So, my second thought:
2. I read a lot about the Obama-Clinton conflict and the question of race. We know the drill by now: was Hillary Clinton degrading MLK, Jr. when she said this and that about LBJ? (Sidenote: let’s bring back political figures known by initials alone. I love that.) Etc.
But what doesn’t get the attention I’d like to see is this: the consistent “mis-statement” about race and racial stereotyping (Obama was a drug dealer or is the “magic negro,” nothing more) or religious xenophobia (Obama’s famous “madrasah”), which then turns into an apology and maybe a resignation (or retreat from the public eye). Except in the case of Bill Clinton, who seems immune to criticism after all these years. This is a constant with the Clinton campaign. How this is much different than the much (and rightly) maligned “whispering campaign” Bush watched happen in 2000, South Carolina, I’m not sure. Sure, Clinton is kept at a distance. What a false distance, though, and we all know it. Such an old technique and we should know better. Aren’t we all responsible for the company we keep? This sort of stuff would make and break friendships. If we hold friends so responsible, we should also hold our political figures so responsible. Hardly a remarkable proposal.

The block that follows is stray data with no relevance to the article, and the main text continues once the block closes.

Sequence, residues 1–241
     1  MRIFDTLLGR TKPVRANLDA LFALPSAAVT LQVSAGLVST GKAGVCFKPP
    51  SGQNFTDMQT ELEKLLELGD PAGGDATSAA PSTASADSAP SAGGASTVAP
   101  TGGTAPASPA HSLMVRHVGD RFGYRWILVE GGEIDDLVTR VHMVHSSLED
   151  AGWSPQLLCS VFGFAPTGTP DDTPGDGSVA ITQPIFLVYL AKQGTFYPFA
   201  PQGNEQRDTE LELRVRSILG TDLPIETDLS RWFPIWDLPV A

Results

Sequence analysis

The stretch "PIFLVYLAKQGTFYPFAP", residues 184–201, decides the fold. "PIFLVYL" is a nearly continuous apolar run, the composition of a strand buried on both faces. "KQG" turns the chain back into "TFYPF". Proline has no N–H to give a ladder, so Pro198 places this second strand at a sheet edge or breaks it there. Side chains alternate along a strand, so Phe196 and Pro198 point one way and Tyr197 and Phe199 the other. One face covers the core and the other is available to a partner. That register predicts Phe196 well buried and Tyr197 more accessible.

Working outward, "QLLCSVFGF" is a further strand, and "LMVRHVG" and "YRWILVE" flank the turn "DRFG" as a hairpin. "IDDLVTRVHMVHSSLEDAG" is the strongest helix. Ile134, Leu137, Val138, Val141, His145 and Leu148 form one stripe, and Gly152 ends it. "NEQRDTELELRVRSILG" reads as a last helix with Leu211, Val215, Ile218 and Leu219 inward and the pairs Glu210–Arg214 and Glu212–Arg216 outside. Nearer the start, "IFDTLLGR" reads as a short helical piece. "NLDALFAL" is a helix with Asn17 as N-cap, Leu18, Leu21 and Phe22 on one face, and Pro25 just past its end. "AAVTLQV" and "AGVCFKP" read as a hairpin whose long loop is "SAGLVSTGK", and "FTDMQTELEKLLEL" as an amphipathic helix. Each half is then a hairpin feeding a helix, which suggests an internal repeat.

What we seem to forget, I think, is that the Clintons are a particular category of politician: white Southern Democrats. And not some fancy young progressive version (does one exist?). Just the standard version. At the center of this standard version is an old cliche about the difference between Southern and Northern racism. In the South, whites hate the race, but love the individual (and the North reverses that). I see that in all of this Clinton stuff. Sure, Hilary and especially Bill are famous for “getting along with” or “being comfortable with” black people. I get that, or at least I’ve heard it enough to believe it. Yet, the comfort with people who pander to religious and racial hatred (Obama is a Taliban plant, Obama was a drug dealer destroying his neighborhood) is a comfort with hating the race, then redeeming oneself with loving the individual. Standard narrative of white Southern redemption. Over and over, ’cause of course we’re all sinful and fallible, thus in need of constant redemption. Its the politics of personal destruction, with a smile to make it all better.